Back when I had a bit more money, er, back when I used credit more freely, I used to to have $40 a month to spend on gaming. I also had an Old Glory Army membership and frequently I'd just deposit my cash there. It meant I could be a bit more adventurous with my miniatures purchase, and by god I was. I picked up a couple of the Merrimac Shipyard cogs.
No self-respecting Hundred Years War miniaturist could possibly have a complete collection o' stuff without cogs. After all, there are all those famous sea battles to fight-ummm, and errrr!!???. Actually there are a few, the most famous being Sluys and 1340, and the battle off Winchelsea in one of those years between 1337-1453. There were also smaller actions of French galleys raiding the English coastline or attacking ships in the wine trade.
In any case my economic realities collided with miniature purchases and I was never able to acquire the hundreds of cogs needed for Sluys, or even the fifty or so for Winchelsea, but I do have two. They are going to serve me well for a game I want to run at Enfilade based on the Black Prince's attack on the suburb of St. Jean outside of Caen in 1346.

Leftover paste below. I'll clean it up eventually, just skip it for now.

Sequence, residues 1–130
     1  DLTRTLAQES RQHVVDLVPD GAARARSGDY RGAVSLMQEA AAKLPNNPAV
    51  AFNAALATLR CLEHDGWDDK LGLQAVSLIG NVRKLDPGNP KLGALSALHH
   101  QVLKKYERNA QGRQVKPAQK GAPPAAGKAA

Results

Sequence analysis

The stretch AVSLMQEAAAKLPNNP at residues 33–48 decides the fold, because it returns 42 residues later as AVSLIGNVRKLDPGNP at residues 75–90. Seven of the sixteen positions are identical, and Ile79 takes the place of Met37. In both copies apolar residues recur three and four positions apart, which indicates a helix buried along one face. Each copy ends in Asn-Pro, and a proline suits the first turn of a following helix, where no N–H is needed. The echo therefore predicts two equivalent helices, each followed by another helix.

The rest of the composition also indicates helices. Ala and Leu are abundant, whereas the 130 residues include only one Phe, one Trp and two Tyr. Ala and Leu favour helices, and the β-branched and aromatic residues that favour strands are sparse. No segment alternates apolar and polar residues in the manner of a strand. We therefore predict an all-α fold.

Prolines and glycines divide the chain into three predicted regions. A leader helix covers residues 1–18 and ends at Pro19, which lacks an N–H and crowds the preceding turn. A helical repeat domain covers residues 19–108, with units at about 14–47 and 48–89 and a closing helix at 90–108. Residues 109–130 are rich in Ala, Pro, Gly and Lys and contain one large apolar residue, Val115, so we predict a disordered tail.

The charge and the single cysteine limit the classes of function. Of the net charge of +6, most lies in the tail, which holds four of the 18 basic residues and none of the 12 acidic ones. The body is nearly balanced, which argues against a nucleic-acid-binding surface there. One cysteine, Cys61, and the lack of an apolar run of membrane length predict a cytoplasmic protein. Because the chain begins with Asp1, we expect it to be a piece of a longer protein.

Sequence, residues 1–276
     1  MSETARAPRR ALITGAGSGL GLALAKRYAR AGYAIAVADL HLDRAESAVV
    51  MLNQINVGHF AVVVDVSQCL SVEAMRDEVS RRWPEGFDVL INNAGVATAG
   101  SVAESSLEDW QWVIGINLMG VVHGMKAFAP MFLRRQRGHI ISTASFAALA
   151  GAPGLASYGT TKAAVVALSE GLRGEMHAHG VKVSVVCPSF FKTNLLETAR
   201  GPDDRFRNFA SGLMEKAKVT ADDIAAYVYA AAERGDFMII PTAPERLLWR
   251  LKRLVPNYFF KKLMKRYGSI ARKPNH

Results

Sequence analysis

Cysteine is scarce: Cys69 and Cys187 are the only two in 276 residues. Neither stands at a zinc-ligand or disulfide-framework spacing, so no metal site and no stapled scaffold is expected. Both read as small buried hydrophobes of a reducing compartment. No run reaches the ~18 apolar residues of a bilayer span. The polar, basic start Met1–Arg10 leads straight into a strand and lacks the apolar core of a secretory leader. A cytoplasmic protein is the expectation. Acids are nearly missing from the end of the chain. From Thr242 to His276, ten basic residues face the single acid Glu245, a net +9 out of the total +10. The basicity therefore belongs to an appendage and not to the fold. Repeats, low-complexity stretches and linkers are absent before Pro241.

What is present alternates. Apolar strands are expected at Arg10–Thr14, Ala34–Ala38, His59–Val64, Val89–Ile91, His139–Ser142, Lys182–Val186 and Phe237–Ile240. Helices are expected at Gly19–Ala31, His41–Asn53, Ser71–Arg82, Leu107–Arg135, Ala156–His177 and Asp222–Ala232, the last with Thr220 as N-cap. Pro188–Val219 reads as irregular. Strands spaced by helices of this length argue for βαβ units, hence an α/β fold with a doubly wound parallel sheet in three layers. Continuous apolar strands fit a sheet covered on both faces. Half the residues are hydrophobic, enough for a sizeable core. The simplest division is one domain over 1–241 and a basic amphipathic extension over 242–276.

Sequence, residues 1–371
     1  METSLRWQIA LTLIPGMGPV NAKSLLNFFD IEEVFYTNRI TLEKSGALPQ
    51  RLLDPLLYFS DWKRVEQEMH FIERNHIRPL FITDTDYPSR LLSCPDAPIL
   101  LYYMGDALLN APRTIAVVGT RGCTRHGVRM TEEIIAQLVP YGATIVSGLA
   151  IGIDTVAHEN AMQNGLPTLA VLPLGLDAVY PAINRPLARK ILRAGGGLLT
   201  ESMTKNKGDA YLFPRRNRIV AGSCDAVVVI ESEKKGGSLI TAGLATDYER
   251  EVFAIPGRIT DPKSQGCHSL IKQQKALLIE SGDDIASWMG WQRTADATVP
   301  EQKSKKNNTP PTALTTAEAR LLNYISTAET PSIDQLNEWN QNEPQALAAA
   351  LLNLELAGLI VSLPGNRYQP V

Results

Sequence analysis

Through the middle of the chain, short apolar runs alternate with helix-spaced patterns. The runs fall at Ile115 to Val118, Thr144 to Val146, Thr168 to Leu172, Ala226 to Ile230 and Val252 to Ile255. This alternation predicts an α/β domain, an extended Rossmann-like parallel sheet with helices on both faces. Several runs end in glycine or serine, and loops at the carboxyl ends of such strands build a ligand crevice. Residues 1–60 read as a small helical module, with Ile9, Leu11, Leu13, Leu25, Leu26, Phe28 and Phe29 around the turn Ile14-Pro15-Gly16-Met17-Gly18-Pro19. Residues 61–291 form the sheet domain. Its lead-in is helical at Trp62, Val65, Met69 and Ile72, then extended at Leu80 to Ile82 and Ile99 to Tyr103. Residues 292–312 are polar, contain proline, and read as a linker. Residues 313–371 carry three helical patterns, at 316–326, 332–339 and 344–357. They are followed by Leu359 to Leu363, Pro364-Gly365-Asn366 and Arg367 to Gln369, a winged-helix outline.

So what the heck is a cog? In the 14th and early 15th century sea travel was pretty chancy. Naval engineering had not progressed to the point that vessels could maneuver through a contrary wind. Cogs were bargelike vessels with a single mast and sail and a rudder. They could be 30-300 tons and built as merchantmen to haul cargo between England and the Europe. The were deep enough draft to provide a fairly stable platform in the channel and North Sea, providing the wind was favorable and there was no storm. During wartime, the king basically pressed these cogs into service and nailed large fighting platforms on to the bow and stern to hold archers, men at arms and light artillery.
I'm a high school history and journalism teacher, a career I've loved and continued to enjoy. Aside from my family I have several passions-miniature wargaming, movies, books and music. I'm also a died in the wool Mariners fan and baseball lover.